The genetic sequence made available in 2003 from the Human Genome Project, an international collaboration between 1990 and 2003, contained information from a region of the human genome known as the Here, the chromosome is rich in genes, and the DNA encodes for protein.

The 8% that was left out was in the area called heterochromatin. This is a smaller portion of the genome, and does not produce protein.

There were at least two key reasons why heterochromatin was given lower priority. This part of the genome was thought to be “junk DNA”, because it had no clear function. Besides, the euchromatin contained more genes that were simpler to sequence with the tools available at the time.

Now, the fully sequenced genome is the result of the efforts of a global collaboration called the Telomere-2-Telomere (T2T) project. The invention of new methods of DNA sequencing and computational analysis helped complete the reading of the remaining 8% of the genome.

Genome sequencing is the process that involves deciphering the exact order of base pairs in an individual. This “deciphering” or reading of the genome is what sequencing is all about. Costs of sequencing differ based on the methods employed to do the reading or the accuracy stressed upon in decoding the genome.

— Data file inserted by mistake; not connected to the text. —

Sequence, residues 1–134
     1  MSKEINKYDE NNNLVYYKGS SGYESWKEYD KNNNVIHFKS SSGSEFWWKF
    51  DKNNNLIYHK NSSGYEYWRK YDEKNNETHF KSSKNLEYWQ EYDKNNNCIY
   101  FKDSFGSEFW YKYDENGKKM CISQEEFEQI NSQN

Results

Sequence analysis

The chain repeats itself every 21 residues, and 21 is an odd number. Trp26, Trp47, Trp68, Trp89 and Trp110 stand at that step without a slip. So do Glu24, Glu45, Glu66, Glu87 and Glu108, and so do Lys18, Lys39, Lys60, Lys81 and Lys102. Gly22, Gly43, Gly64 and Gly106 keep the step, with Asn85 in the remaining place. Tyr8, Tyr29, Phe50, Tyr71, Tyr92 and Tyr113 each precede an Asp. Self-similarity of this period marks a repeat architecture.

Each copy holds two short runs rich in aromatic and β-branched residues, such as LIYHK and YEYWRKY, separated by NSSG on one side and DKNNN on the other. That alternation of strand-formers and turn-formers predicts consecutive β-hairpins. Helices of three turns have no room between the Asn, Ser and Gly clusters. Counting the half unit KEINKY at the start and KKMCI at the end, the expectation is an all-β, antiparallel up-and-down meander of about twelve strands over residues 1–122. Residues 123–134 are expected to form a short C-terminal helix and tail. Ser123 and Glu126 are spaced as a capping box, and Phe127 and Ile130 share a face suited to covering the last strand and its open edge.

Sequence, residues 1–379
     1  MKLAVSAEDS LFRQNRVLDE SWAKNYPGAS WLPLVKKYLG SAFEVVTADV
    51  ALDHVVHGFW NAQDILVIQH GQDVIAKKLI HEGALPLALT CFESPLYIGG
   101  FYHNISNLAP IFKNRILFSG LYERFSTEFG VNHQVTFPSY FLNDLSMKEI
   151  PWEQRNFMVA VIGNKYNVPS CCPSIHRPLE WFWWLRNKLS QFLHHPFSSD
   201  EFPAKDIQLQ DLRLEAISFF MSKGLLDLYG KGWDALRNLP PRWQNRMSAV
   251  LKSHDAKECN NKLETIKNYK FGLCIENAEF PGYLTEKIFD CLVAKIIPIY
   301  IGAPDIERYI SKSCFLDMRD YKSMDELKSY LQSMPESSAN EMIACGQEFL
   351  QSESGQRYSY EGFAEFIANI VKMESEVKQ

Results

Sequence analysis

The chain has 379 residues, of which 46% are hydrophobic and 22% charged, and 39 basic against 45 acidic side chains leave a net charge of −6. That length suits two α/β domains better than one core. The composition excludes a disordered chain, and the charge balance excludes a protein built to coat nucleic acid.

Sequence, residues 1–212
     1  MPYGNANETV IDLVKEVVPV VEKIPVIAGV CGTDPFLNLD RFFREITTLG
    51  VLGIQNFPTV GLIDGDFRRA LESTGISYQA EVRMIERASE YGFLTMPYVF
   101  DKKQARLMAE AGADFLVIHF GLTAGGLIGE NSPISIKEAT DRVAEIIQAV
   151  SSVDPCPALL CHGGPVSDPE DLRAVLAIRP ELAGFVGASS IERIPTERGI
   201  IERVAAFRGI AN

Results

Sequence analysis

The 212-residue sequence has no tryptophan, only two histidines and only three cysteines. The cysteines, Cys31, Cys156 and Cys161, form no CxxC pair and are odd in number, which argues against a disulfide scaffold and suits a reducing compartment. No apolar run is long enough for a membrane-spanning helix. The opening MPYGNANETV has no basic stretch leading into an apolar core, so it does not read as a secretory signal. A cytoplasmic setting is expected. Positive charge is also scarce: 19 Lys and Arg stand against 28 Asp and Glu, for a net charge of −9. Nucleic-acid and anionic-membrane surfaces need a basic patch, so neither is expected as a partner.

Need for genome sequencing:

Ever since the human genome was first sequenced in 2003, it opened a fresh perspective on the link between disease and the unique genetic make-up of each individual.

Nearly 10,000 diseases — including cystic fibrosis, thalassemia — are known to be the result of a single gene malfunctioning.

While genes may render some insensitive to certain drugs, genome sequencing has shown that cancer too can be understood from the viewpoint of genetics, rather than being seen as a disease of certain organs

Importance of Genome Sequencing:

A genetic test, which is commercially available at several outlets in the country, usually involves analysing only a portion of the genome that’s known to contain aberrant genes linked to disease.

It is important to ensure that India, with its unparalleled human diversity, is adequately represented in terms of genomic data and develops indigenous capacity to generate, maintain, analyse, utilize and communicate large-scale genome data, in a scalable manner.